A Guide to Medical Malpractice Insurance

Everything you need to know about medical malpractice insurance

Kristine Wook on Unsplash

Kristine Wook on Unsplash

Medical Malpractice insurance providers, PolicyBee provide a comprehensive guide to medical malpractice insurance - with FAQs and answers. Find out more about PolicyBee here.

What is medical malpractice insurance cover?

Generally, medical malpactice - often referred to as "medmal" - covers any claim or accusation where you've made the kind of mistake that has harmed someone. It could be a physical or mental injury and even death. Medmal, which may also be known as 'treatment liability insurance', helps protect both: your finances and reputation.

This insurance may cover things such as: paying for a specialist lawyer for your defence, picking up legal costs, and covering any compensation you must pay. Medmal cover will help whether a claim is justified and proven or not. Either way it is crucial to your peace of mind when running your practice.

Why should I buy it?

It is always a good idea to have the protection of medmal insurance if your work involves any risk of causing unintentional physical or mental harm.

The circumstances around claims of malpractice can be very stressful, and as mentioned, your insurance can help by:

● Paying for a specialist lawyer to defend you
● Picking up legal costs
● Covering any compensation

A mistake can cost thousands of pounds if the claim is justified or not. This insurance takes the pressure off trying to manage such a claim, personally.

Top 5 frequently asked questions - with answers:

1. What’s the difference between malpractice insurance and professional indemnity insurance?

Medical malpractice insurance (medmal) does a different job to professional indemnity (PI). Rely on the wrong one, and you could find you're not covered when a claim is made. Medmal covers you for a claim where you caused unintentional physical or mental harm. While PI is concerned with financial losses allegedly suffered by a client because of the failure of your professional services.

2. Do I need Public Liability (PL) insurance?

If you work with clients and suppliers on a face-to-face basis, PL is advisable. PL covers you for any claims where a third party injures themselves (e.g. a trip or fall). It also covers if you damage property (like knocking over an expensive vase).

3. Will medmal cover me if I am mobile, working from home or in a salon?

Yes, a medmal policy follows you wherever your business is based. You can work in a salon, at home or in a client's house with a medmal policy.

4. Will medmal cover me if I work remotely, for example, via Zoom?

It would depend on your policy wording and the job you do. Generally, if your clients are in the UK, then cover will be provided as standard. For clients who are outside the UK, you should check your policy's geographical limits.

5. Can I get cover if I'm a student?

Yes, our medmal policy covers you as long as you’re working face-to-face under the supervision of a qualified person. Other policies may vary, so it's worth checking the wording.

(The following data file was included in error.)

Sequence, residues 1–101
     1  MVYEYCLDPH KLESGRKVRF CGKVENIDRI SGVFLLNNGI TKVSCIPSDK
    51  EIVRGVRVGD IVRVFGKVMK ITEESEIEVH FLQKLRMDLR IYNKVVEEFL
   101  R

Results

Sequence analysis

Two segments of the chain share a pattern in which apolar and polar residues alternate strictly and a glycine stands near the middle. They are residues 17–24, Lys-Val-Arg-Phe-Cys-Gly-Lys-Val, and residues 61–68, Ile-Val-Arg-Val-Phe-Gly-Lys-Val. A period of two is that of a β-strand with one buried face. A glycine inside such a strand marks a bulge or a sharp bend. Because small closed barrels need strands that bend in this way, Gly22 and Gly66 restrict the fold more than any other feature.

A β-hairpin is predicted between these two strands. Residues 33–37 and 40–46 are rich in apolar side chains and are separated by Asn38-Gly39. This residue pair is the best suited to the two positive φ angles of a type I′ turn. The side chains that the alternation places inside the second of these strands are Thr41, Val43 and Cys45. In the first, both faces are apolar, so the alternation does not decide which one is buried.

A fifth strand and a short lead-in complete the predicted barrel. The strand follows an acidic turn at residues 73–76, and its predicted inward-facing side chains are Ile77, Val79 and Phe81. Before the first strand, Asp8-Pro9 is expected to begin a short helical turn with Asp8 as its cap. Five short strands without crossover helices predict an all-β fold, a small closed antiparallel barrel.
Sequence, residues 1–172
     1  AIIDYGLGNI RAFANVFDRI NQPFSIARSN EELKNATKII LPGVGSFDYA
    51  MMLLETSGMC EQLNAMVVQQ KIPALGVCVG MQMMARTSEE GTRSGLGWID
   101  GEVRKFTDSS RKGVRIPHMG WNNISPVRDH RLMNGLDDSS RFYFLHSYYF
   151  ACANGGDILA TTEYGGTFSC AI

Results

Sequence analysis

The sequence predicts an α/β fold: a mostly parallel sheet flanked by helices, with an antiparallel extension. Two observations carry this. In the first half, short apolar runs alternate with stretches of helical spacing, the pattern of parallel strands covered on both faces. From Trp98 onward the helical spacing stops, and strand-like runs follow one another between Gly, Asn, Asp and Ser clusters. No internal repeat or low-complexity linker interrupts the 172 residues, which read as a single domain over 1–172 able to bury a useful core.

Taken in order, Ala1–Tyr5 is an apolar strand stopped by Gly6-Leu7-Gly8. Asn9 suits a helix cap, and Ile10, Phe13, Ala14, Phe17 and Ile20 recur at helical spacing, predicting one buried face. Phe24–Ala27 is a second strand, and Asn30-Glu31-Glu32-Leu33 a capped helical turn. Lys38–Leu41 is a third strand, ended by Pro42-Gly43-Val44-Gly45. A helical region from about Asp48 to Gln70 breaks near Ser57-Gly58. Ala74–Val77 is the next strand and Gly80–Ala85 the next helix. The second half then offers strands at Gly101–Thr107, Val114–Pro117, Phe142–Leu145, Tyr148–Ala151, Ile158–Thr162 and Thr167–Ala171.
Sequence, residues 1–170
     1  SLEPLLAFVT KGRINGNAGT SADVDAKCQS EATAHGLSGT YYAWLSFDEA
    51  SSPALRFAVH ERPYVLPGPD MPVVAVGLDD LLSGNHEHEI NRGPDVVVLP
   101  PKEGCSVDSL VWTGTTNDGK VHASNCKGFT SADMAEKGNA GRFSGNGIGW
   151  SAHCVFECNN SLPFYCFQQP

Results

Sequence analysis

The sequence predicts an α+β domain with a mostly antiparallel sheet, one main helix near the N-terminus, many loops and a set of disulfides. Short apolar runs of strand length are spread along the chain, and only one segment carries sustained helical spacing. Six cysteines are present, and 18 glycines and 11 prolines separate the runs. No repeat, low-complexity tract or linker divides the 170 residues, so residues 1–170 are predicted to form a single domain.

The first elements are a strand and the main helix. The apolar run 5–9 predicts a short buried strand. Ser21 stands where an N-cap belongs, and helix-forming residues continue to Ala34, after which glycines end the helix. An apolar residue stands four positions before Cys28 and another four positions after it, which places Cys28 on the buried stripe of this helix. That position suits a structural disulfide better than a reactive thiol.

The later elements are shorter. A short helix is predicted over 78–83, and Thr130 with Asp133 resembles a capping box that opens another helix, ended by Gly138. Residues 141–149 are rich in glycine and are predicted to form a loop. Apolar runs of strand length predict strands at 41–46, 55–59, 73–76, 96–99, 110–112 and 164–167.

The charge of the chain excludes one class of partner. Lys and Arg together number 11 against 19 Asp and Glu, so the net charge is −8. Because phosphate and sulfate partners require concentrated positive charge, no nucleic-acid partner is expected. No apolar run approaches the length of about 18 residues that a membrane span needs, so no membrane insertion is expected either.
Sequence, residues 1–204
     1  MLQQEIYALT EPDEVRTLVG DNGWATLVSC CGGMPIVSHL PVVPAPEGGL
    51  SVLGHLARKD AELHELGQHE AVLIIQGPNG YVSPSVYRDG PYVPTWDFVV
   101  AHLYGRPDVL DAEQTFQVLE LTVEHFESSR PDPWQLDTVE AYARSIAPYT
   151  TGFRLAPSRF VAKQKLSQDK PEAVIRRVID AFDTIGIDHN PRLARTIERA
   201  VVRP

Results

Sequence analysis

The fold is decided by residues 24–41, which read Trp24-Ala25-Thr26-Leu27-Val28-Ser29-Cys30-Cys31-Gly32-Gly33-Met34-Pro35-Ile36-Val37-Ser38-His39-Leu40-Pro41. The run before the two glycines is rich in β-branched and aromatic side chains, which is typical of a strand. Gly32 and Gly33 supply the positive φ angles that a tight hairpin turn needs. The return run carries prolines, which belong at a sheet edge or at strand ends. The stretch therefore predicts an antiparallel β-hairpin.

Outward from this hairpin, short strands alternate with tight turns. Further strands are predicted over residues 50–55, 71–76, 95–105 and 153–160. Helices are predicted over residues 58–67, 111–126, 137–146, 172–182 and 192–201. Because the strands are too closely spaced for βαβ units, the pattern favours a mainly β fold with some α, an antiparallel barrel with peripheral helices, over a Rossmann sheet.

Tips for buying medical malpractice insurance

1. When looking for insurance, check that it gives you adequate cover.

It should include:

Treatment and professional liability cover. This covers you if you injure a client - either physically or mentally. For example, as a beauty therapist, if you accidentally damaged your client’s eye while putting on fake eyelashes. Or, as a counsellor, if you gave advice that makes your client's mental condition worse.

Public liability (PL). If you see patients face-to-face, PL is good to have. If a client injures themselves by tripping over a loose floor tile or if you visit them at home and break something, PL will cover you. If there’s an accident or accusation, PL pays your legal fees and any compensation.

2. You may also want to consider these as optional add ons. You can always add to your existing policy at a later date:

Employers' liability (EL). This is a legal requirement if you employ someone. EL covers you if an employee is insured while at work. For example, someone trips in the kitchen and breaks their wrist, or an employee gets a long-term back injury from not having the right chair. EL covers the legal costs associated with a claim and pays any compensation awarded. If you own a salon and rent a chair out, this also counts as employment, so you'd need EL.

Portable equipment insurance. If you use specialist equipment and lose it, damage it, or it gets stolen, you'll need to replace it. Your equipment insurance pays to repair or replace your kit quickly and keeps you working.

Cyber insurance. If you work remotely, hold data about customers, have a website or send emails, cyber insurance is advisable. Cyber covers the cost of repairing and restoring your systems, data and website after a breach or hack. Cyber also covers legal fees and compensation if you're sued for losing personal data.

3. It's worth checking if specific treatments that you offer are included in your policy. Beauty insurance, for example, usually covers a long list of treatments, but some more specialist therapies may be excluded.

You’ll also need to confirm that you have enough training to satisfy your insurer's minimum requirement. Most policies ask for a certain level of training and experience, and some policies will only cover medical practitioners.

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